Leonard, David. 2003. Live in Your World, Play in Ours: Race, Video Games, and Consuming the Other. Studies in Media & Information Literacy Education. 3 (4): 1-9. 10.3138/sim.3.4.002.


Akil Fletcher is a doctoral student in the Anthropology Department at the University of California, Irvine who researches race and gaming. His current research explores the expressions of race online and the ways in which black bodies come to be known and experienced online. His work explores the ways in which black people come to navigate the intricacies of online gaming spaces that are quite often perceived to be predominantly White and Asian. 

Cultural Differences and Positionality: Reflecting on Cultural Differences through a Roleplay

Sandy Wenger

Image courtesy of Wikimedia Commons.

I discovered the blueprint for this roleplay years ago when teaching a seminar on cultural difference. As I am unable to trace the original source, I am sharing my own version of it here. The roleplay works best in smaller classes with both men and women present but can be adjusted for bigger groups, and any differences within a culture can fall along lines other than gender. However, gender has worked very well for me in the past because it is often perceived as an obvious, inherent, and fixed human trait. Thus, twisting ideas about gender is something that students tend to pick up on quickly, and it allows them to recognize that both gender and culture are fluid social categories that shape each other. This, in turn, opens the door to discussing and complicating students’ understanding of other social categories that are often seen as stable and universal.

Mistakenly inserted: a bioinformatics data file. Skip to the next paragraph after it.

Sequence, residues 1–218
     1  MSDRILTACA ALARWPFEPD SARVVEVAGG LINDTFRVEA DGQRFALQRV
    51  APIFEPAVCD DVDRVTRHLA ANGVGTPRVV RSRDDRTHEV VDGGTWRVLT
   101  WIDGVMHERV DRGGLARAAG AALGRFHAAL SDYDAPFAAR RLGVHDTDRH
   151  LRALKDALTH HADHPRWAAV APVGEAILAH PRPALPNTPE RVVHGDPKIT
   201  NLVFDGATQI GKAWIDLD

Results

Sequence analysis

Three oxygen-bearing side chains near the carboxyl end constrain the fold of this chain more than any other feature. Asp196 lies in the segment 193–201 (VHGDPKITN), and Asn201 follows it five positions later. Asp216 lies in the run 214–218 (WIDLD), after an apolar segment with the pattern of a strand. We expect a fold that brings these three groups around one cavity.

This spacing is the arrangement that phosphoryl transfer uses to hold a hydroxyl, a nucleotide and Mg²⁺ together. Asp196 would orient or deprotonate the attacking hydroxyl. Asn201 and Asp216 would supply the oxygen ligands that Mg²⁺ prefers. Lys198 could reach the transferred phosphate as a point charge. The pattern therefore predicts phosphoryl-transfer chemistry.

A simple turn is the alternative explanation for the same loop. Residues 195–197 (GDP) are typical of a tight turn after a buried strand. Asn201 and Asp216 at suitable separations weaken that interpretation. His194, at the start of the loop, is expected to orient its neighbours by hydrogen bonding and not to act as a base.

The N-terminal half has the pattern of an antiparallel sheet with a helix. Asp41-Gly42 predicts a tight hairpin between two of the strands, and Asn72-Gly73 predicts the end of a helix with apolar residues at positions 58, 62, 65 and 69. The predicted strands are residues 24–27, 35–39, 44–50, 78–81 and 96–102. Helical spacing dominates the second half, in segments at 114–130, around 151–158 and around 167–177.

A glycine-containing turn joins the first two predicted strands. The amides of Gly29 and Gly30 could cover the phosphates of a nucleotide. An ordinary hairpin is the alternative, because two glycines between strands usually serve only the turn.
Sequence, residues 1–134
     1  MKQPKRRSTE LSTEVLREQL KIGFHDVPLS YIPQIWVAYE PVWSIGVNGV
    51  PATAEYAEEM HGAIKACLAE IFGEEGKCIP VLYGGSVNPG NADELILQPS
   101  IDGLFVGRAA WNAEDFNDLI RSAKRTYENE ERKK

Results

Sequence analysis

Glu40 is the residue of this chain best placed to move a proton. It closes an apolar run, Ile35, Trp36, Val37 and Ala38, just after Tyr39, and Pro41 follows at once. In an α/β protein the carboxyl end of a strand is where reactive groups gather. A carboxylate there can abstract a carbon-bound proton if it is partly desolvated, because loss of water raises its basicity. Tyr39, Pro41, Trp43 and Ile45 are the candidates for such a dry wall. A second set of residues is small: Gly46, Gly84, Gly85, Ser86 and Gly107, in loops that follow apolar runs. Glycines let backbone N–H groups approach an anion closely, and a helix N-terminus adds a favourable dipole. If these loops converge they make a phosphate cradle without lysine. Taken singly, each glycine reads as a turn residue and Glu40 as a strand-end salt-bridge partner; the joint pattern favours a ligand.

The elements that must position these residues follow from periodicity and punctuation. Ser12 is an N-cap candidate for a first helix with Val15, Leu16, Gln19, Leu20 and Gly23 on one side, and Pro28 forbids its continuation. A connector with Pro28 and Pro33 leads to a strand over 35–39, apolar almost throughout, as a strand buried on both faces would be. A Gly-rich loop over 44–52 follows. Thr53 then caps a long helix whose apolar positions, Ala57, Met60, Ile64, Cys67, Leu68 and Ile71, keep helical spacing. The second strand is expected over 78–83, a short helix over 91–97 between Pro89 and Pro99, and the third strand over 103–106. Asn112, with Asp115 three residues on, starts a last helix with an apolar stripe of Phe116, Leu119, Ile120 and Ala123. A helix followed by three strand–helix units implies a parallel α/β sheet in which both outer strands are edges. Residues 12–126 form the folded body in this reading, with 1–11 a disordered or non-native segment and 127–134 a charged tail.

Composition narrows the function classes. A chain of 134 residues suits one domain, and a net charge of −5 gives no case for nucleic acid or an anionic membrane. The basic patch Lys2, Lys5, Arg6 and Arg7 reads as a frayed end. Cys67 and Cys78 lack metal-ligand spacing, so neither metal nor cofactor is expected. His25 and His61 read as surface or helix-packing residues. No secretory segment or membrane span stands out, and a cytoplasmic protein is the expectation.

Learning Objectives: I have used this roleplay in introductory social anthropology classes, courses on fundamentals of modern culture, and seminars about anthropological perspectives on issues of power and culture. Participating in the roleplay will enable students to identify and evaluate concepts such as culture, stereotype/stereotyping, the Other/othering, and cultural socialization. By reflecting on the roleplay experience and discussing their observations, students will be able to realize and analyze the ways in which their own positionality shapes interactions with people accustomed to different sociocultural expectations. It also allows them to think critically about social categories such as gender or ethnicity.

How to: One can easily spend 30 to 45 minutes on this roleplay, so it is not the kind of activity that lends itself to shorter classes. To get started, I divide the class into two groups, each of which is given a sheet outlining behaviors characteristic of the cultural group they represent. Each group will only know about their own traits. Here is a list of some of the traits that I have used in the past that has worked well: